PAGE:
We have to be deliberate in avoiding this particular temptation in life. That’s right—getting stuck can be tempting. After all, change is hard. Growing can result in some temporary pain. Anyone who has raised kids knows that, at times, they just want to be little again. The same goes for us “grown-ups.” It can feel safer and a whole lot easier to clap your hands and say, “I’m [a lawyer, or married, or you fill in the blank] now. All done!” But to do this would be a tragedy. It would rob the world (and you) of the chance to see what’s next. It would be criminal not to allow yourself to continue to blossom and to become.
If you’re not currently raising kids (or even if you are), a regular yoga practice can help you avoid getting stuck. It can help us find a kind of comfort with the continual process of becoming. We become accustomed to the fact that our body changes every single day. Sometimes we can fold forward and touch our toes (Paschimottanasana), sometimes they are wildly out of reach. Every once in a while, we must face the tough fact that something we could once do is no longer possible. And every once in a while, we savor the pride and joy of figuring out how to do something we thought we’d never be able to do. Some days, we can’t stand on one foot no matter how hard we try and others we could stand in tree pose (Vrkasana) for an hour.
By coming to our mats every day, we come face to face daily with the constant evolution of ourselves.
This makes facing similar change off our mats feel more natural and less daunting. The fact that we (against all odds) learned to stand on our head (Sirsasana) may help it feel more conceivable that we will be able to change career paths. The fact that, for some mysterious reason, we spent a full year suddenly unable to fold our legs into lotus pose (Padmasana) may make it easier to stick it out during a difficult, confusing time in our marriage.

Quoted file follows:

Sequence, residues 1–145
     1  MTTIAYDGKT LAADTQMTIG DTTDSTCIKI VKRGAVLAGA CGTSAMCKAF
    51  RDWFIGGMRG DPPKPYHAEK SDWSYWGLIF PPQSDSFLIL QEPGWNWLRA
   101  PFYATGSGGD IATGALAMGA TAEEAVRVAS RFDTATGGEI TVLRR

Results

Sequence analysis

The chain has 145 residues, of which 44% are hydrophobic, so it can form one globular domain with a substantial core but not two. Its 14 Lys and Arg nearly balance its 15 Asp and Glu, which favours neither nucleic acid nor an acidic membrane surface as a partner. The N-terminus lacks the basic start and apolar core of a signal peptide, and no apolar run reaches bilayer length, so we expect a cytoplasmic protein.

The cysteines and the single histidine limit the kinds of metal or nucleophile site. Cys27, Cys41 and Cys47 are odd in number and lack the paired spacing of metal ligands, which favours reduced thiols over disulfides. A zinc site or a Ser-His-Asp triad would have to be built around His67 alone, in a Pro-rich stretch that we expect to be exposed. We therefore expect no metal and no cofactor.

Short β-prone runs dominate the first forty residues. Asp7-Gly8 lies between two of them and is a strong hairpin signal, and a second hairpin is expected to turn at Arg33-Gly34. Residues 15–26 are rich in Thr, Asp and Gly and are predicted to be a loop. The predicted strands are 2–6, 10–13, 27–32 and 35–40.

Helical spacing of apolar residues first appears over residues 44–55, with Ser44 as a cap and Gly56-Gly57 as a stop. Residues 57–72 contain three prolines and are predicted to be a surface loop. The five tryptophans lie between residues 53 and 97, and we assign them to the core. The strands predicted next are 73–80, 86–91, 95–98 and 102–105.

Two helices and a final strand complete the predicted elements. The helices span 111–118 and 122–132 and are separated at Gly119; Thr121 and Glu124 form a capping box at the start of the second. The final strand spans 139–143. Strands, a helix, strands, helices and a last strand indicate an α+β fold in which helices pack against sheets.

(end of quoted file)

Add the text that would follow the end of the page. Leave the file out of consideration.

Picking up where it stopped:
You might even catch glimpses of your kids on your mat. The fact that you chafed and fought your way through sun salutations (Surya Namaskar) for a ridiculously long time only to come to realize how good they were for you, might make you smile (just a little, and only on the inside, of course) as your teens chafe under the structure of your household. After all, chances are good that, as they continue to become, they will become aware that all those rules were because you loved them.
In the meantime, it doesn’t hurt to throw another little freedom their way to sweeten the deal. After all, there are still days when I appreciate the freedom to duck out of a sun salutation (or two).
Editor: Lynn Hasselberger
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July’s Full Moon in Capricorn: The Heart wants what it Wants. How to Love a Woman who Scares You. The 4 Stages of a Good Divorce. Our Soulmates are Rarely Who We Expect. I Still Think of You. Men, Let’s Stop Fooling Ourselves: Size Matters. Reading This Takes Guts. To the One Who Tried to Break Me. An Open Letter to the Fixers. How your Stored Memories in the Amygdala can lead to PTSD.